Lake Waihola algal bloom danger passes

An algal bloom affecting Lake Waihola appears to have disappeared but the Otago Regional Council is warning it could come back.

The toxic blue-green algae, which occurs naturally in a variety of water-quality conditions, was discovered at toxic levels in the lake and at lower levels at Tomahawk Lagoon in October.

The algae turned the lake very green and had the potential to produce a series of toxins which could then be passed to the water. If humans or animals came into contact with it, the algae could cause illness or skin reactions.

Residents and visitors were warned to take care in and around the lake. However, yesterday the council announced samples of algae taken from the lake this week had shown no signs of the toxic bacteria found in other samples.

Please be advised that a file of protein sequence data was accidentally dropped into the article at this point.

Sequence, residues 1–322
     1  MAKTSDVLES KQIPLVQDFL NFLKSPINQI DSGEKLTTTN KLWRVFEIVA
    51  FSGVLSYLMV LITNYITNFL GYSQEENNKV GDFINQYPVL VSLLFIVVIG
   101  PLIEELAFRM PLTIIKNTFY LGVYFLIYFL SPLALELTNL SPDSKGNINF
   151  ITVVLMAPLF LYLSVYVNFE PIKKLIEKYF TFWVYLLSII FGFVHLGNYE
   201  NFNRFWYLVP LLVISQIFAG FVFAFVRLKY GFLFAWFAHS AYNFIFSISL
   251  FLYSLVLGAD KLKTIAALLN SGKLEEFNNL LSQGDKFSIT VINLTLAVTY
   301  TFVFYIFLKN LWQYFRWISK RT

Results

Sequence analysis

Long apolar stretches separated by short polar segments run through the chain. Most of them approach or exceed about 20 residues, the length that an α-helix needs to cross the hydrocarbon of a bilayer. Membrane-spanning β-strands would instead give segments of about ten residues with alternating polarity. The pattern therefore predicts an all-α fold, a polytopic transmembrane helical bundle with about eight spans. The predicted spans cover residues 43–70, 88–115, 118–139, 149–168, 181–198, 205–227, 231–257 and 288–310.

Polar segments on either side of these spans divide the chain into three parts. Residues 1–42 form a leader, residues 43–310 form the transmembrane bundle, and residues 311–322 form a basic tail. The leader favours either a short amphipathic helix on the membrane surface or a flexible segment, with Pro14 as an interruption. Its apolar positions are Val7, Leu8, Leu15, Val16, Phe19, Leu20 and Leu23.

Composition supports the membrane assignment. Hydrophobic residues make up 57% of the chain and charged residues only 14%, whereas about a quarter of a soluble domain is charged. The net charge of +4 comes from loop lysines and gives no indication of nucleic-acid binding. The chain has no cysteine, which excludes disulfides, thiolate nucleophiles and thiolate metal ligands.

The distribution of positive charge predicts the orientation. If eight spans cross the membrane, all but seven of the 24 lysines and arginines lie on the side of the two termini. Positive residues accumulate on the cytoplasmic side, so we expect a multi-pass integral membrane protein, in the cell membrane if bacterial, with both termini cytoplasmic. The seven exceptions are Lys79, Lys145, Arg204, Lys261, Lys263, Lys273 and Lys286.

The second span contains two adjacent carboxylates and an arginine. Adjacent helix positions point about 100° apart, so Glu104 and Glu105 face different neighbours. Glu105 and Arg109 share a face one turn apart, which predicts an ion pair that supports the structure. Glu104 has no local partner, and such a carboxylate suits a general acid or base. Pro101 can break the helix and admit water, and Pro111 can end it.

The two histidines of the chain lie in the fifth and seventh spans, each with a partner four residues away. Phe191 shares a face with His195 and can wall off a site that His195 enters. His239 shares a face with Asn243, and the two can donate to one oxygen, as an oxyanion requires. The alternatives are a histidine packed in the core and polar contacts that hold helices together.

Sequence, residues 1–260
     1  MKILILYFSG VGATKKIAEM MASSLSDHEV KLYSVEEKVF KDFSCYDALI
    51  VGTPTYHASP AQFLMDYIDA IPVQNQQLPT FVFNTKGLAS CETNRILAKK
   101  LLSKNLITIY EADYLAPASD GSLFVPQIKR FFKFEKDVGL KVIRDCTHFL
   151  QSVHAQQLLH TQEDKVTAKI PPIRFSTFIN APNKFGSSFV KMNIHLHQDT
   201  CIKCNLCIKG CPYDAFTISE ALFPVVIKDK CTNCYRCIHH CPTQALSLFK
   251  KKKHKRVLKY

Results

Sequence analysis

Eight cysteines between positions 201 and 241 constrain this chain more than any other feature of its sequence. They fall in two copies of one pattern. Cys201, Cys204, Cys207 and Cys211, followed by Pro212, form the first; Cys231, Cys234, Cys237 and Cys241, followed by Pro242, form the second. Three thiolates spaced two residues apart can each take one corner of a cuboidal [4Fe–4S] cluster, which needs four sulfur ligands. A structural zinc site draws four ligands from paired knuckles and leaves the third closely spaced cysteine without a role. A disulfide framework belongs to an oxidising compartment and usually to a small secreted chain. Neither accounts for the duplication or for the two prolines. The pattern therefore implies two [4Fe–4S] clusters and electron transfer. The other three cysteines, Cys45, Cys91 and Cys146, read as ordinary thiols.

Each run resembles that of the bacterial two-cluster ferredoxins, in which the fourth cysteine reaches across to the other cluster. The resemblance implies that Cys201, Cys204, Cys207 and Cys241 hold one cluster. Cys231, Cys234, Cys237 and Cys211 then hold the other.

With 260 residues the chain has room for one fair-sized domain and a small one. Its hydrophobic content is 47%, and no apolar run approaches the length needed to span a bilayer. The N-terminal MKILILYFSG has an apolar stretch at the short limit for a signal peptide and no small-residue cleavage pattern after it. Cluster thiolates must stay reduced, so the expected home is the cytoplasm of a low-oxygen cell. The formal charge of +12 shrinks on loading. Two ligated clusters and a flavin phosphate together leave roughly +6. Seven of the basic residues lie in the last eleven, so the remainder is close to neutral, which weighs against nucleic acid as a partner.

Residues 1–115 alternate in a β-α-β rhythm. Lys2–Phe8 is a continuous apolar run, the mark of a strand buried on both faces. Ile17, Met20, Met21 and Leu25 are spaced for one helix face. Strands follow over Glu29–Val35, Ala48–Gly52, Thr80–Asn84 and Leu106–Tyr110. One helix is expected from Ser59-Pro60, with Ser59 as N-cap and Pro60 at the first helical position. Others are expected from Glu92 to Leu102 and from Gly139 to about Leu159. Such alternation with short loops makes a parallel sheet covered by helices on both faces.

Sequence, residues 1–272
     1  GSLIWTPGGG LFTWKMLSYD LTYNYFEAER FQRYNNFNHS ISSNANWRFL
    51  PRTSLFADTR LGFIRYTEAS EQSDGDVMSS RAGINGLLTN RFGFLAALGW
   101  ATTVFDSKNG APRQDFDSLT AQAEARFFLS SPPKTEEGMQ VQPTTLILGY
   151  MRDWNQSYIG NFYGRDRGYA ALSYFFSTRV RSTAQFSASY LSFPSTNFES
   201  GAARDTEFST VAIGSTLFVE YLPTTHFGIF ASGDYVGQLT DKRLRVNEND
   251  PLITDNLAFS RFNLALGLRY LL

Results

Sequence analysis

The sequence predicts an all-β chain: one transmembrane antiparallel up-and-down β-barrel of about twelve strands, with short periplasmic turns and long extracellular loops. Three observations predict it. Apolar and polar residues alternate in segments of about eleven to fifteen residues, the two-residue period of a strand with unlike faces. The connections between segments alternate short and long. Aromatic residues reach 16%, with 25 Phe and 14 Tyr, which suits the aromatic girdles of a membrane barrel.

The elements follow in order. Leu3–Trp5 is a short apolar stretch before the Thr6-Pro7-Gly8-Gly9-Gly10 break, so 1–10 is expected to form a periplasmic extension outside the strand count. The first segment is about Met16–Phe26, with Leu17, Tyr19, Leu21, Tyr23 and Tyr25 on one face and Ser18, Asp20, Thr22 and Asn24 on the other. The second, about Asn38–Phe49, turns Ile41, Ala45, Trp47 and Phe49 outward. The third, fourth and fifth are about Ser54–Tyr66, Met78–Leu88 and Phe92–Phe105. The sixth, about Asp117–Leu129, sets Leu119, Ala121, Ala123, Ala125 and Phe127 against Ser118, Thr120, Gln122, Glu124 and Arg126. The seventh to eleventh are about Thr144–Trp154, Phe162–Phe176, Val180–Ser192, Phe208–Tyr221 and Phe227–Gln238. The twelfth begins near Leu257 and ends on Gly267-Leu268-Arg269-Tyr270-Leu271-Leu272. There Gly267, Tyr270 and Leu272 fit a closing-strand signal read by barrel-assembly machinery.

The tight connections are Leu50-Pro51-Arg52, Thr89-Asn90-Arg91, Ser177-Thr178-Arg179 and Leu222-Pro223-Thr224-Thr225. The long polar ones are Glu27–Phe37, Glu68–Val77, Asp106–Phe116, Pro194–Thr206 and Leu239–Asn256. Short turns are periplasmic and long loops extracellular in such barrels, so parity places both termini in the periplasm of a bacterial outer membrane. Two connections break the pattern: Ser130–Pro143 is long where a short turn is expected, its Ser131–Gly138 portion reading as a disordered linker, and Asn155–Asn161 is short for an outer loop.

Warning signs put up in November, when dangerous levels of the algal bloom, known scientifically as cyanobacteria, were found in Lake Waihola and Tomahawk Lagoon, were taken down recently. Council engineering, hazards, and science director Dr Gavin Palmer said the results of recent tests meant the risk of people and animals becoming ill was negligible.

Algal blooms were not predictable and could return at any time so the council would continue to take samples from the lake through to the new year and would provide the community with weekly updates on the results.

People should contact the council's pollution phone line if they saw large amounts of green algae on the lake, Dr Palmer said.

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